You're looking at a home or possibly a rental property to buy. During the walk-through, you notice that there's a soft spot in floor under carpet, or maybe the owner explains to you that "my apartment floor is slanted." That may cause you to step back and decide to look at a different property. 

However, that's not the way things have to be. If you're asking yourself, "should I buy a house with sagging floors?" the answer may be yes. A lot depends on what's causing the sagging. By knowing more about how to fix a sagging floor in an old house, you'll be in a better position to decide what would be best for you. Here's some information that will help you make the right choice.

What are some of the causes of sagging floors?

While all houses settle over time, there are a number of other reasons why floors may begin to sag. Along with damage due to flooding or other adverse weather, events that weaken the flooring may be the culprit. Here are a few examples of what can lead to floor sagging.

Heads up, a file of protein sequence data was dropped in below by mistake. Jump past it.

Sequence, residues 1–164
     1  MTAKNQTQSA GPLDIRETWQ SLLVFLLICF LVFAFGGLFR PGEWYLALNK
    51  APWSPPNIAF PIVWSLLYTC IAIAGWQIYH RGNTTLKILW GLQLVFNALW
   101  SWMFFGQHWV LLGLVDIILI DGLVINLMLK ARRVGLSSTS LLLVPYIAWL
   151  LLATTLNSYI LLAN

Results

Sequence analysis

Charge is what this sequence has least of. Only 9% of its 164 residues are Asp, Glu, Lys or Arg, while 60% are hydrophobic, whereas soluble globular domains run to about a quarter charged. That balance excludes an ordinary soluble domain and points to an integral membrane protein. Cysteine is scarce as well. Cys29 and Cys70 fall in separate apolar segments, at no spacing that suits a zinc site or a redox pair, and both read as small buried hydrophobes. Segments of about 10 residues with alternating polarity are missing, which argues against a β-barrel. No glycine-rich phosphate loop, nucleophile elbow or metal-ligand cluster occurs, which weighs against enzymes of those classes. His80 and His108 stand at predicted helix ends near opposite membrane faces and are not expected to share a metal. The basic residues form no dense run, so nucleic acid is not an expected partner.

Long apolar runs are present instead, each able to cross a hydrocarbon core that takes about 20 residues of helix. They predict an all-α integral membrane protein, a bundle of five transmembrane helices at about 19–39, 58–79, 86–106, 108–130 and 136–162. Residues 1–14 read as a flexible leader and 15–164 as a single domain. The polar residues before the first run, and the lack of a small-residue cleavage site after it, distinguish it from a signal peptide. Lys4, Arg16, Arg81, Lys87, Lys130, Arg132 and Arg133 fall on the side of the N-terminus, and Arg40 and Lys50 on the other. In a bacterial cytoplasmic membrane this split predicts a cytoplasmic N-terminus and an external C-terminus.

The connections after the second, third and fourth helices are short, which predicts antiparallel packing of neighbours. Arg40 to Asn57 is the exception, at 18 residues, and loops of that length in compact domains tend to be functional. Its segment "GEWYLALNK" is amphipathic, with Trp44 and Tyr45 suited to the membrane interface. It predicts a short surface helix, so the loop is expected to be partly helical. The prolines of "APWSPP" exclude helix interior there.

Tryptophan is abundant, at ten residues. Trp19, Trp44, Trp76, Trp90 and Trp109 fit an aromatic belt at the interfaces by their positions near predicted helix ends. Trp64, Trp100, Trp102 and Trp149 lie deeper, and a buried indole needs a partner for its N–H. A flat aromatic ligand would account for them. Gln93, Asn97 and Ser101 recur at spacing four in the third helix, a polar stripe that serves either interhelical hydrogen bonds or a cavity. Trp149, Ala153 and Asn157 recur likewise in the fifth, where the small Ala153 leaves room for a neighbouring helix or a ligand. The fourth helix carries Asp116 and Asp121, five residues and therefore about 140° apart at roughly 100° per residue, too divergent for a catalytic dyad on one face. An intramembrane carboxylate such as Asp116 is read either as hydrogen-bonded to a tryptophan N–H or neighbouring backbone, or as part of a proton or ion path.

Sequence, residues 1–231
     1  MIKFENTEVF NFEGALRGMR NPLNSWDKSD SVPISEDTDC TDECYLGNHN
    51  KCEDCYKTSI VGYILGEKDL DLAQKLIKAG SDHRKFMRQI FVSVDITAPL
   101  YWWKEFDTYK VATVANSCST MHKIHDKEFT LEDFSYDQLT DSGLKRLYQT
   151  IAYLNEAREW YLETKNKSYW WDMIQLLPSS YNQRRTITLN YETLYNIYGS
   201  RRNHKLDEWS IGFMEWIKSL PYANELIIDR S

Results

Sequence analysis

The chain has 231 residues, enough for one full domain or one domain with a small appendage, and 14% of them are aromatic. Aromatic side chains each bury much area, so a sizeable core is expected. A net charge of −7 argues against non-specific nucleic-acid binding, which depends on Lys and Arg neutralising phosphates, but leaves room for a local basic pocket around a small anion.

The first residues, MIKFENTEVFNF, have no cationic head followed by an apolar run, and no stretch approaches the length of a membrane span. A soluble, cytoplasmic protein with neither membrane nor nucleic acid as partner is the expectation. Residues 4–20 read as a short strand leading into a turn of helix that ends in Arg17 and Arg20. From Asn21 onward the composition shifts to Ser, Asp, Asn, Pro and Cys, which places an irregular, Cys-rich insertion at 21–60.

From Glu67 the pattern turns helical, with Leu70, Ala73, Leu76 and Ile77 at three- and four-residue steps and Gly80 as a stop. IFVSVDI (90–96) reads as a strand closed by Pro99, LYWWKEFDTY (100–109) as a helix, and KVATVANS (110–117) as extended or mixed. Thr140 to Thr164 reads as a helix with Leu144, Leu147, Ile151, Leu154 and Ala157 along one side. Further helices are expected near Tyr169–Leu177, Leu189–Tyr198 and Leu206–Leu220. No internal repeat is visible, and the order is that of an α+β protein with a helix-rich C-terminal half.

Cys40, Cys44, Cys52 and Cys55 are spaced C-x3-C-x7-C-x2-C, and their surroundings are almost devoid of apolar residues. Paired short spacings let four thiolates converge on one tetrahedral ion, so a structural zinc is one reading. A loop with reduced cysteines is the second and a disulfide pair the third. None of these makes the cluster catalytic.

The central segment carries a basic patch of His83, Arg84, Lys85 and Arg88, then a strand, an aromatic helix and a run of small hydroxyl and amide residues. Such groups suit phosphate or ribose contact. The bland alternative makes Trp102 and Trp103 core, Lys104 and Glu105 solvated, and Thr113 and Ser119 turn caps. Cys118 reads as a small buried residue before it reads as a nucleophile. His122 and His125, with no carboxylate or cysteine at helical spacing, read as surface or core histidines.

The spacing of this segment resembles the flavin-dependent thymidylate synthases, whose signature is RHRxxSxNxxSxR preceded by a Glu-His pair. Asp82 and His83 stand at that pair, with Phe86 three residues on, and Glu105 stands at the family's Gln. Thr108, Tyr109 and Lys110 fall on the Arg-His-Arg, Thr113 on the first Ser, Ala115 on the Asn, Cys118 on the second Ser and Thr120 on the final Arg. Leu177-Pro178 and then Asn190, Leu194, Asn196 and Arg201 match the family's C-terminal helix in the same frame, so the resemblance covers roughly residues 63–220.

1. Older Standards for Joist Spacing: Decades ago, flooring joists were routinely spaced at wider intervals than today. While the floors may hold up well for a long time, the amount of support that the joists provide decreases as the years pass. The flooring can often be leveled again by using a method called sistering, which adds strength to the existing joists. A professional will likely add more joists in between the older ones as a way to provide more stability. 

2. Termites: Termite damage may occur in places other than the subfloor and the floor. Joists can also be attacked by termites. That leaves the joists weaker and no longer capable of supporting the flooring. In this instance, replacing the joists as well as other materials damaged by the termites will be in order. 

3. Soil Movement: If the soil supporting the joists, girders, and blocks underneath the floor shifts, it could place additional stress on all the floor elements. The result is a floor that sags in the middle or to one side. Packing the soil and leveling it out may be all it takes to get the floor level again. 

4. Moisture Damage: Whether from a broken water pipe or rain being able to seep under the home, moisture can have a negative impact on the floor's support system. It may be necessary to replace some of the elements in order to level the floor.